December 6, 2010
Archbishop Martin Currie

Archbishop Martin Currie

SHEILA DABU NONATO
THE CATHOLIC REGISTER

TORONTO — Despite serious challenges to the Church in Newfoundland, Archbishop Martin Currie says there is an opportunity to evangelize communities in a province with deep Catholic roots.

“I believe with all that has gone on in the Church, in some way it’s part of the mystery of God.

“God is trying to purify the Church,” said Currie.

“I think there will be better days ahead. We need to learn how to evangelize again.”

With three other bishops, Currie is on a Toronto-area speaking tour sponsored by Catholic Missions In Canada to raise awareness of Canadian mission dioceses.

Currie, archbishop of St. John’s and of Grand Falls, says an aging population, high unemployment and the legacy of the sexual abuse crisis are major challenges for the Church.

TWENTY-PERCENT PRACTICE

About 20 per cent of Newfoundlanders are still practising Catholics, he said.

Planned online catechesis and training for lay people will help them develop ministry to those who live in remote areas, he said.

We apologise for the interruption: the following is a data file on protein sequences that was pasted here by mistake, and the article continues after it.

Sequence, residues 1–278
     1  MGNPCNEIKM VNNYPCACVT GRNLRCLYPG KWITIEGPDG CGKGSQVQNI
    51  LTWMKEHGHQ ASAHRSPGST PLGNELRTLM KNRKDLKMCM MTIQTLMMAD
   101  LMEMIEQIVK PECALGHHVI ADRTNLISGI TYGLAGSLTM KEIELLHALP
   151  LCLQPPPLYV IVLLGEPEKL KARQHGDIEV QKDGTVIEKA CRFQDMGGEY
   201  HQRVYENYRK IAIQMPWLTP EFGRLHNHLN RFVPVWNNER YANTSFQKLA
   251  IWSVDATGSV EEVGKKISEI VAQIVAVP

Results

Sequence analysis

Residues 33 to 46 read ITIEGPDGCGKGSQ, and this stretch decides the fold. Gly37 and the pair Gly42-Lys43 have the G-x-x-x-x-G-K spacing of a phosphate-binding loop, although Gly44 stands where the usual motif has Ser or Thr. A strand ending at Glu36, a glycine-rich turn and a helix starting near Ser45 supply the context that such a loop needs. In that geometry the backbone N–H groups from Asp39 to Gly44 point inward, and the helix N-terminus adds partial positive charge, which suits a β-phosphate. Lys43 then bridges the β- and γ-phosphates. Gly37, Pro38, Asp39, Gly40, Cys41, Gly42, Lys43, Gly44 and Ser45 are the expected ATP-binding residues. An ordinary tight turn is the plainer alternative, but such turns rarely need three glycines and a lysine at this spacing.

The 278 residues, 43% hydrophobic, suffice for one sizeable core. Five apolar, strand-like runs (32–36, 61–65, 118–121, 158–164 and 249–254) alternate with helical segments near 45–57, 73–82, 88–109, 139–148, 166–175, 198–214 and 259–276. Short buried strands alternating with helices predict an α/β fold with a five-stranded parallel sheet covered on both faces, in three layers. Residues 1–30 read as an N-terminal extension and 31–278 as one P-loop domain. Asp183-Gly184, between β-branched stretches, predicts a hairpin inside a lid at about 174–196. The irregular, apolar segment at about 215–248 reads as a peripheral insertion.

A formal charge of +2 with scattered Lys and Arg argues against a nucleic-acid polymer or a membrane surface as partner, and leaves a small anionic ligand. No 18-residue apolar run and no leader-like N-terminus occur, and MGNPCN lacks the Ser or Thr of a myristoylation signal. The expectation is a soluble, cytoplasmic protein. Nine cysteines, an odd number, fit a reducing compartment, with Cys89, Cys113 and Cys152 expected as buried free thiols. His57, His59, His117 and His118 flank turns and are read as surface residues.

To aid in that ministry, Catholic Missions In Canada provides support by helping priests pay for food and gas.

Some priests clock up to 50,000 km on their cars to reach isolated parishes. Most priests are responsible for several parishes and, in one case, a single priest oversaw 11 churches.

Newfoundlanders have been hit hard by changes in the fishing industry, with large fish plants replacing small fish farmers, Currie explained.

“There’s a certain sadness that a way of life is passing away,” he said. “They’re trying to work.

“They want to work but there’s no fish any more. The paper mills are gone.

“They’ll get through this.

Newfoundlanders are a resilient people.”